The Crimson Petal and the White
A couple years ago, I had the good fortune of being able to attend BookExpo America, where free advance copies of the hottest fall releases are offered to anyone who passes by a given publisher’s booth. Of the many surprises I picked up on that trip (including Umberto Eco’s Baudolino), the best by far was Michel Faber’s sublime The Crimson Petal and the White, which is now available in paperback.
Here’s Ann Patty’s (Executive Editor at Harcourt) note on the first page of the advance reading copy:
You hold in your hands the first great nineteenth-century novel of the twenty-first century. In my twenty-five years as an editor, this may be the most magnificent, courageous novel I have ever published. Magnificent because it can only be called a great novel, a tour de force, a novel that truly stands beside the Victorian classics. Courageous because it not only flies in the face of what most male authors of impeccable literary credentials would risk, but also because of the way it came to be written. Michel vigorously researched the novel soon after he graduated college as a scholar of nineteenth-century culture and literature; he wanted to write a novel as carefully constructed as Eliot’s Middlemarch. The original manuscript took him six years to hand write, in the small neat script of an obsessive who couldn’t afford to hire a typist. Never thinking he might find a readership, he filed it away in a drawer. Years and life went on. Yet the novel continued to compel him–in the ensuing fifteen years he overhauled and rewrote it three more times. His characters and perspective deepened and matured as he did, his guiding muse moving, as he did, from alienation and nihilism to love and hope.
If you are familiar with Michel Faber’s highly praised first novel, Under the Skin, or his brilliant story collection Some Rain Must Fall, this novel will come as a further astonishment, since nothing (save the blazing talent) in those wonderfully strange and original first books could possibly have predicted The Crimson Petal and the White. When you begin to read it, you may regret that it is not even longer. It is a book to curl up with and live in for awhile. And life here is deeply enthralling, rich, provocative, and absolutely real.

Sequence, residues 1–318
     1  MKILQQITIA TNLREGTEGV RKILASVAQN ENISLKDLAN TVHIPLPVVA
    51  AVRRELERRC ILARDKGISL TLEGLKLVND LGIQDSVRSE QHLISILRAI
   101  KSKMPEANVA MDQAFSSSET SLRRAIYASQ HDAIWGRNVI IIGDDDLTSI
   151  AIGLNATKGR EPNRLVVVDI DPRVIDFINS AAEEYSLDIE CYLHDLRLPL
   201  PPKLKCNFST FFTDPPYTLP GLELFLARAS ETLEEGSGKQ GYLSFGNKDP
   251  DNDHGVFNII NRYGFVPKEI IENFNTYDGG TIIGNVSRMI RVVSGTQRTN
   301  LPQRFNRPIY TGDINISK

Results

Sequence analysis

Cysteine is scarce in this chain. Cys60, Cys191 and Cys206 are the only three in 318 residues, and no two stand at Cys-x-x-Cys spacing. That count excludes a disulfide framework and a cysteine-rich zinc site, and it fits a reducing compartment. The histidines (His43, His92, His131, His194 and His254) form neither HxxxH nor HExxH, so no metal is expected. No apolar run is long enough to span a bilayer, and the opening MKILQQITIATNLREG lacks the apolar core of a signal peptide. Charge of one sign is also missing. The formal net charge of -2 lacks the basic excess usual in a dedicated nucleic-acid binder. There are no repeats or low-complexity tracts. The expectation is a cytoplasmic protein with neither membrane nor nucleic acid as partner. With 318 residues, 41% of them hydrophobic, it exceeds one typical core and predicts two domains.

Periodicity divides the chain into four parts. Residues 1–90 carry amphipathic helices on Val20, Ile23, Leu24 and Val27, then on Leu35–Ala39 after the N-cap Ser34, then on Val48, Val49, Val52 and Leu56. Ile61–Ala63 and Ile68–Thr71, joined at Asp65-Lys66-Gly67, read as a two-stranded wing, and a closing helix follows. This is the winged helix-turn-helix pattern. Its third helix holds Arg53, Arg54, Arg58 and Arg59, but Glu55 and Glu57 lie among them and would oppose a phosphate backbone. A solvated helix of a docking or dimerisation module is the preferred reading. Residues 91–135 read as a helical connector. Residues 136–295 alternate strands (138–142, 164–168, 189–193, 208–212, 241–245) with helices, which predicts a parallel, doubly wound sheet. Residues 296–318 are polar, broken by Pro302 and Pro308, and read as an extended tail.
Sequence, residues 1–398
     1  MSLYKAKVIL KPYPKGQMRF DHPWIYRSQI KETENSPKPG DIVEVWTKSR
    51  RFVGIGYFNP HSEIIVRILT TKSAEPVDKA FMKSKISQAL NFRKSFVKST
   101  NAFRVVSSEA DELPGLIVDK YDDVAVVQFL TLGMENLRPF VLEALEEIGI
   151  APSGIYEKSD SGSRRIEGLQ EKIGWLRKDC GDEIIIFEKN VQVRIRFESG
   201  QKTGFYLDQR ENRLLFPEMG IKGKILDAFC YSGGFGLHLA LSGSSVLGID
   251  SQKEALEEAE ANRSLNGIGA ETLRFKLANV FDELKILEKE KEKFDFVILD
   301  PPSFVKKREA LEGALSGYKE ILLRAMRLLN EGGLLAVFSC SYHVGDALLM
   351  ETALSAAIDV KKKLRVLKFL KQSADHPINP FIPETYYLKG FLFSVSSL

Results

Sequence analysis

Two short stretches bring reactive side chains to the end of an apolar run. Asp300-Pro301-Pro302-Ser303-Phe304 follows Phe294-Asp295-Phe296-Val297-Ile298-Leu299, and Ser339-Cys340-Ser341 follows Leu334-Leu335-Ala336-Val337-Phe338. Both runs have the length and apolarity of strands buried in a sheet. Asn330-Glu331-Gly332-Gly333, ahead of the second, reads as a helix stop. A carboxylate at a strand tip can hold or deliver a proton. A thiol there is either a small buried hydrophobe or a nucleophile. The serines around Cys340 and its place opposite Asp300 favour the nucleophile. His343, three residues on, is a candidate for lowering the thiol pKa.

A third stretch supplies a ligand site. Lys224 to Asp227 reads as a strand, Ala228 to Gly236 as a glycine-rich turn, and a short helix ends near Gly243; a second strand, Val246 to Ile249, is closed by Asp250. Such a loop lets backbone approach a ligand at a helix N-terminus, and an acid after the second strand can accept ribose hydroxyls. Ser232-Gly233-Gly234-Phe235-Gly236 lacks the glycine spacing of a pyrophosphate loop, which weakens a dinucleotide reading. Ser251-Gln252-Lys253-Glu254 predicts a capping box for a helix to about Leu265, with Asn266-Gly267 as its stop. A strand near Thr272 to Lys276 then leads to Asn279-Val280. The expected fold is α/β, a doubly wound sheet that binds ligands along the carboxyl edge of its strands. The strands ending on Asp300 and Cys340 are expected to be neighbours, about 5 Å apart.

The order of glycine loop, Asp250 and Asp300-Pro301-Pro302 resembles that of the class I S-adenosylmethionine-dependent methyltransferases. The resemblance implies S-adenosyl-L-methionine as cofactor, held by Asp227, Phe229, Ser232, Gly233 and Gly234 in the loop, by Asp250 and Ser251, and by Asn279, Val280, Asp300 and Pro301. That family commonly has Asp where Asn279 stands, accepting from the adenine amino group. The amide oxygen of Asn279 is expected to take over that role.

This praise is a tall order for a book to live up to, but The Crimson Petal and the White does not disappoint. It sucks you in with a unique narrative voice, which speaks directly to an assumed twenty-first-century reader from the anachronistic perspective of a nineteenth-century character. If you’re like me, you look for a compelling first paragraph to make you commit to a book, and this one has a first paragraph that sinks the hook into you deeply (and it never lets go):
Watch your step. Keep your wits about you; you will need them. This city I am bringing you is vast and intricate, and you have not been here before. You may imagine, from other stories you’ve read, that you know it well, but those stories flattered you, welcoming you as a friend, treating you as if you belonged. The truth is that you are an alien from another time and place altogether.
From that point on, I couldn’t put the book down, and, as Ann Patty indicated, when the book ended on page 833 I actually wished that it were longer. You really must read this book. Once you curl up with it and live in it awhile, you won’t want to come back.
A final note: don’t be intimidated by the comparison with Middlemarch, which I actually was never able to finish (in fact, my difficulty with Middlemarch was the reason I switched majors from English to Philosophy, since The Later English Novel was offered at the same time as Logic, a requirement, offered only every other year, for the Philosophy major). Though The Crimson Petal and the White is perhaps as “carefully constructed” as Middlemarch, the former will never be confused as a genuine nineteenth-century novel (and it definitely will not be confused with Middlemarch). Though it has nineteenth-century themes and a nineteenth-century setting, the book’s twenty-first-century sensibilities (and distinctly twenty-first-century perspective on the nineteenth century) make it one of the best works of contemporary literature in recent years.